More than 800 women are launching legal action against the NHS and the manufacturers behind vaginal mesh implants. US pharmaceutical giant Johnson & Johnson is one of the manufacturers under fire - it is the biggest maker of transvaginal mesh.
The implants are often given to women after child birth to help treat incontinence or pelvic organ prolapse. According to NHS data obtained, by the Victoria Derbyshire programme,
between April 2007 and March 2015 more than 92,000 women had vaginal
mesh implants in England.
The implants have reportedly caused severe discomfort, with some women reporting that the implants have cut into their vagina. Other women reported that the mesh had protruded so severely that it injured their partner during sex. And many say they have been left with ongoing pain and are unable to walk or work.
BBC analysis of the data estimates around one in 11 women to have experienced issues with their implant.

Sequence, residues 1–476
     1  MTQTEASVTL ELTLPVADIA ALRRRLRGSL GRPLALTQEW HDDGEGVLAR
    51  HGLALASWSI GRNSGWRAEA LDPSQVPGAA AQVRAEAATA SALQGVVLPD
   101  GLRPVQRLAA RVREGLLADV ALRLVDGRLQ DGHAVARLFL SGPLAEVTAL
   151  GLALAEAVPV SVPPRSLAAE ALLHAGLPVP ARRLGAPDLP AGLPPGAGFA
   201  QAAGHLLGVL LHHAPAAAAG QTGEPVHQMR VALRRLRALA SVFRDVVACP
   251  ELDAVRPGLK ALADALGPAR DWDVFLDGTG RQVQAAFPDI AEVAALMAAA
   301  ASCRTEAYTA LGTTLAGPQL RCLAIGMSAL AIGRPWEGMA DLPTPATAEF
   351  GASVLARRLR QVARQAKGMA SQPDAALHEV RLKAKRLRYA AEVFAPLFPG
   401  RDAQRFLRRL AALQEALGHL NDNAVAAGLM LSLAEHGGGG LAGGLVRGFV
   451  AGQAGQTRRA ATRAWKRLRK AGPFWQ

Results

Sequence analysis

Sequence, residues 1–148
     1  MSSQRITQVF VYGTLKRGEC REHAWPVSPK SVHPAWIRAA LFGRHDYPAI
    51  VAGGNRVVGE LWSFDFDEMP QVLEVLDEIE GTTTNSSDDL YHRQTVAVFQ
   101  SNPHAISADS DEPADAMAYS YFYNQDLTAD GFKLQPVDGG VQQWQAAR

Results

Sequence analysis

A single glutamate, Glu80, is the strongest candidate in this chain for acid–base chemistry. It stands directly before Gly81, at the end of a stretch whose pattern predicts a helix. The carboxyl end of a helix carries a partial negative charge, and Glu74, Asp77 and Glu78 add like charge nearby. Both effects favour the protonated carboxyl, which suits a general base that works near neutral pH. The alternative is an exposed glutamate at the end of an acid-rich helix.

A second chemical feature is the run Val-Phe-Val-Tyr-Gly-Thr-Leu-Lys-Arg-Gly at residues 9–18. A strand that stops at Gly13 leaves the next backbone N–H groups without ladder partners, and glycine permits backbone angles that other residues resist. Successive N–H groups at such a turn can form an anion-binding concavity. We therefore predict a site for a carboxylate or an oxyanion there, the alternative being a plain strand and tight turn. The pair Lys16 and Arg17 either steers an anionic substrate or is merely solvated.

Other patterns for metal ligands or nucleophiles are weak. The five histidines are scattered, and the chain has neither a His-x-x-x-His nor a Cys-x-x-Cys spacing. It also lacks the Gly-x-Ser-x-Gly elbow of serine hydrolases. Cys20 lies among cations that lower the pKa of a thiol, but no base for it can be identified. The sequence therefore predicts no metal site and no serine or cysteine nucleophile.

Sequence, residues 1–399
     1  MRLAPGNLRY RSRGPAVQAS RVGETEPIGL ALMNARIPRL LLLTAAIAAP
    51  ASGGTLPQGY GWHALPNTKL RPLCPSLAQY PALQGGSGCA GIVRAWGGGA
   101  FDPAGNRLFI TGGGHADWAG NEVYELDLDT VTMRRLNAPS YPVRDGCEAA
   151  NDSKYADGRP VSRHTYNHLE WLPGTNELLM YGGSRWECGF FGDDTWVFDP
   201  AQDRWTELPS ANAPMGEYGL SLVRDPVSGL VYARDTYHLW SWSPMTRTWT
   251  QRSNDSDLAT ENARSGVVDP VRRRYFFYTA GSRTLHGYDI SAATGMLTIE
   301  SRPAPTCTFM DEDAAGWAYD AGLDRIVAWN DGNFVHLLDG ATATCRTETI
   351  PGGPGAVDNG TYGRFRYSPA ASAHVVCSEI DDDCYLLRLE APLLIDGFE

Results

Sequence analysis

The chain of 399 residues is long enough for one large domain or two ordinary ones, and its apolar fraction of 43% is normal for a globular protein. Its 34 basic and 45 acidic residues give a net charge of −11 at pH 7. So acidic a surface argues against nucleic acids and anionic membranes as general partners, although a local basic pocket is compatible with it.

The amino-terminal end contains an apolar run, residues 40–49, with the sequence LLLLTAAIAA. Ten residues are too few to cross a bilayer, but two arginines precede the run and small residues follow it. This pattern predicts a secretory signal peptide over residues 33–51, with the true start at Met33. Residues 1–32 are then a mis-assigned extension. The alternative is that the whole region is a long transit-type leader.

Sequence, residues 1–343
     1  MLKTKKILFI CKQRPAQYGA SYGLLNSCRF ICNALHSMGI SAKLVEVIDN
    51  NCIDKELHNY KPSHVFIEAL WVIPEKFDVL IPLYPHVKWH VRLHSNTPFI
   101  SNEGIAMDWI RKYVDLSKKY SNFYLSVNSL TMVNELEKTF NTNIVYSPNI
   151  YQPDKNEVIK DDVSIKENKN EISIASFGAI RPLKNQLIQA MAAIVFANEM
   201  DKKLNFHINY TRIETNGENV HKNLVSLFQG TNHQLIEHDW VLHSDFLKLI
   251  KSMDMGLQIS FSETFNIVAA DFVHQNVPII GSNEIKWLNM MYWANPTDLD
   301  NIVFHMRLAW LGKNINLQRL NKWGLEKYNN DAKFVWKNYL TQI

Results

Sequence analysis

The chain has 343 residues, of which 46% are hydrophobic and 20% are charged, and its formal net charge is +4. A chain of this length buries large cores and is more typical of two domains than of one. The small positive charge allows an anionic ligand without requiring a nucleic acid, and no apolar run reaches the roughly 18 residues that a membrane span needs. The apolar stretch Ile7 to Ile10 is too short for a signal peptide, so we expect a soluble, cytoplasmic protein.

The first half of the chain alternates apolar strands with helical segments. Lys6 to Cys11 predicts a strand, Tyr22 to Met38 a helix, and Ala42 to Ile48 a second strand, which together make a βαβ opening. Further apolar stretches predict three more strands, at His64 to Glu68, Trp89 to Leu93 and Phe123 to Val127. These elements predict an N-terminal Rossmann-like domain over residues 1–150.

Kate Langley, one of the women sueing the NHS, spoke with the BBC and described how she was forced to quit her job as a childminder because the pain was so intense. She described the mesh implants as "barbaric" and said she had 53 hospital admissions in an attempt to treat the pain. The mesh "cut its way through - like a cheese-wire" Ms Langley added.
The plastic mesh is made from the same material used to make certain drinks bottles. Many of the women who spoke with the BBC said their surgeon never warned them about the potential risks of mesh implants.
Thousands of women in the US have already successfully sued manufacturers in similar lawsuits and have been awarded billions dollars.
Consultant urogynaecologist Dr Sohier Elneil told the BBC about the affected patients she has seen. She said: "They become so incapacitated that many of them are either walking by crutches or sitting in wheelchairs and perhaps more dramatically so, they become unable to look after their families."
A Medicines and Healthcare products Regulatory Agency (MHRA) spokesperson told the BBC it was "committed to help address the serious concerns raised by some patients."
Johnson & Johnson subsidiary Ethicon told the BBC it was "vigorously defending litigation". It added that it had "acted appropriately and responsibly in the research, development and marketing of its pelvic mesh products.